My mornings begin just about the same way every day. I get up when Dave finishes getting ready in the bathroom, usually at about the same time every day. Sadly, if he’s off by a few minutes, so am I. And if he’s away or if he leaves early, I have to hope I wake up at the right time! I’m not a morning person. I need those precious minutes of sleep.
I get up at the same time that Simon and Zachary get up. They each have alarms set and they get dressed and come to the kitchen for breakfast. Gabbie prefers to get up earlier and eat alone, so she is usually finishing up eating when I come in and start making breakfast for the boys. Cereal with milk for Simon and a cream cheese sandwich with dry cereal on the side for Zachary. If I’m lucky, I give the right cereal and the right meal to the right child.
Next, I take everyone’s lunches out (I make them the day before) and put them in their bags – hopefully putting the right lunch in the right bag – and move their things to the front door. Besides Gabbie’s – her bag is too heavy for me! Luckily she is responsible enough to gather her own things each morning. She also has been checking to make sure I put snacks in her bag for when she has dance after school. I tend to forget to do that.
After the boys eat, they have a bit of time to hang out before their ride comes. When it’s almost time, I call everyone to get their coats on. With the boys, it takes some prodding. When their ride comes, I tell them to have a good day and breathe a sigh of relief as they head out the door. Now it’s time for me to have breakfast and coffee and start my own day.
What’s wrong with this story?
I’m not sure if you noticed, but I didn’t mention greeting my children. I didn’t tell them good morning or ask how they slept. I didn’t even talk to them, besides when I called them to get ready to go and when I told them to have a good day.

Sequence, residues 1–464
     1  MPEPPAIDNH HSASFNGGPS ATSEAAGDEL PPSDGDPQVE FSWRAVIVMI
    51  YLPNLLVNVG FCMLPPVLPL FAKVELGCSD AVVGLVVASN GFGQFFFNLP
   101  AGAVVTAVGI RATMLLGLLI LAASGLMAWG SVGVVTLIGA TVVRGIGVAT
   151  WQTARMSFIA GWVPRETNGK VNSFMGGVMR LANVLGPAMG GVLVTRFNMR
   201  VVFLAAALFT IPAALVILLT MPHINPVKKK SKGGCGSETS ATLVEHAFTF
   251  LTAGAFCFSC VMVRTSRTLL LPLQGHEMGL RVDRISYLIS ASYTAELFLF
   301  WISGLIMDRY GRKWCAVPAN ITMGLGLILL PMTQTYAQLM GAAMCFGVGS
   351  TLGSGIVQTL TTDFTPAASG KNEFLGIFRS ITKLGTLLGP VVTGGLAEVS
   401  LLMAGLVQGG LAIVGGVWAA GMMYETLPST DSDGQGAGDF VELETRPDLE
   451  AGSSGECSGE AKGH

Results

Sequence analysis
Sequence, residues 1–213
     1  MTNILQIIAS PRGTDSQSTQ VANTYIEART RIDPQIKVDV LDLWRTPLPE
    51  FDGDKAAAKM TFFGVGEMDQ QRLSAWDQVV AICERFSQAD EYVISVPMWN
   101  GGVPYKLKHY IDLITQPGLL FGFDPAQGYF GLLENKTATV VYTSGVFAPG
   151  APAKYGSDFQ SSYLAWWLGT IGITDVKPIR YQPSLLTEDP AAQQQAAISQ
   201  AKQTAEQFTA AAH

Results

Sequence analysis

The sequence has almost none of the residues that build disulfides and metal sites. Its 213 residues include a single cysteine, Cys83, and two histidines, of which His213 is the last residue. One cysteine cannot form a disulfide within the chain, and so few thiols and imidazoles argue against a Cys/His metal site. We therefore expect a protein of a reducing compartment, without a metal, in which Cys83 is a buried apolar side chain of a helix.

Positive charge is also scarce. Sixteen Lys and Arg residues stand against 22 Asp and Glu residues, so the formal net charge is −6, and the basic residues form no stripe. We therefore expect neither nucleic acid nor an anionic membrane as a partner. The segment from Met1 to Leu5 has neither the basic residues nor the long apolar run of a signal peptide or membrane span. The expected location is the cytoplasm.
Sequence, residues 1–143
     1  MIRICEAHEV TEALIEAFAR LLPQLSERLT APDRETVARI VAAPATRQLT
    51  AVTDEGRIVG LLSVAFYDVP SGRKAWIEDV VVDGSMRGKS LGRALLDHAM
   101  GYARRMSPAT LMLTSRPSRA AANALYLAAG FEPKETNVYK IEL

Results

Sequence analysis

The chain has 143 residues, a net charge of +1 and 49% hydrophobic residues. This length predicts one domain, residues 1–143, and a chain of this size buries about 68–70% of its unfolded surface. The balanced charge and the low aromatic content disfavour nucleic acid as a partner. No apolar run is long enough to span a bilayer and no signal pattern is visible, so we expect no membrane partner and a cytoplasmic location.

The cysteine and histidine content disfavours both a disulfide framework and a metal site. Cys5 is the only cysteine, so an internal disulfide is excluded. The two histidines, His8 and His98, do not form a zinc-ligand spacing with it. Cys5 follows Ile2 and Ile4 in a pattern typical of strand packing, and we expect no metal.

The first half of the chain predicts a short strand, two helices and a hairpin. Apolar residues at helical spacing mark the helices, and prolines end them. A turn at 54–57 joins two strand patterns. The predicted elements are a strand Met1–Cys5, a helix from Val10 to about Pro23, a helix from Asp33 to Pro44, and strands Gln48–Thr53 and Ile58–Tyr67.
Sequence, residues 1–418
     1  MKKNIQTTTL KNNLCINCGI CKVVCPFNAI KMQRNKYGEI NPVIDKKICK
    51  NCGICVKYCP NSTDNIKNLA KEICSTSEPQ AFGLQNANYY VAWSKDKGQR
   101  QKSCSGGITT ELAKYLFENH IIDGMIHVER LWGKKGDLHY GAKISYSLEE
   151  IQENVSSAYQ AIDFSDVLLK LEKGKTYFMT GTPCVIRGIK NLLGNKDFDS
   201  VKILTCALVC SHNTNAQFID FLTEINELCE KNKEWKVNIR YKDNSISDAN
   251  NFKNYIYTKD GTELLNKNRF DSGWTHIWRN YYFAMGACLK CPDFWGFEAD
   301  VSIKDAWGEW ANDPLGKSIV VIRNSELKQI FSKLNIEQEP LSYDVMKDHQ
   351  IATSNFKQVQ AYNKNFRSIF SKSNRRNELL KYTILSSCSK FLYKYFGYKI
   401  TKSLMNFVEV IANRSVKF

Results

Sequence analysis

This past month, I took part in a challenge called The Enjoyment Project, created by Suzanne Hines of The Glorious Mundane. The first challenge was the greet your children every morning with a hug and a smile. In trying this challenge, I encountered a variety of responses from my kids.
One of the first responses I received was from Gabbie. She compared my cheerful morning greeting to my mother-in-law, who is always happy to see everyone in the morning and always greets everyone with joy. For me, a non-morning person, it is hard for me to reply to her with anything more than annoyance, which I always feel badly about. This challenge has made me realize that my mother-in-law truly enjoys her children and her grandchildren and she is honestly happy to see us in the mornings we are together. This means she’s already conquered this challenge!
Zachary’s responses ranged from “ahh!” to “stop it!” when I hugged him in the mornings. Maybe he isn’t much of a morning person either. From this I learned that I didn’t have to literally greet the kids with hugs, but that the point is to show your children (and yourself) that you are happy to see them. When I was asked why I was hugging them in the morning, I asked them why not? I hug them good night, so why not good morning? Simon loved this idea and became my morning reminder that I needed to hug him. Simon hugs me more than my other kids do and with him, an extra hug is always welcome.
Before you think I have totally changed our mornings by completing this challenge, you should know that my mornings still follow the pattern of the one I described above. I’m still not a morning person and I’m still not doing my best at greeting my kids happily every day. However, I understand the importance of doing so.
Not only does starting your day with positivity get you ready for the rest of the day, it will obviously help your children get a good start to their days too. And if you remember to enjoy your children’s presence first thing in the morning, you will be that much more likely to take time to enjoy them later in the day too.
Do you think this challenge would be hard or easy for you? Do you think it’s something you’d like to try?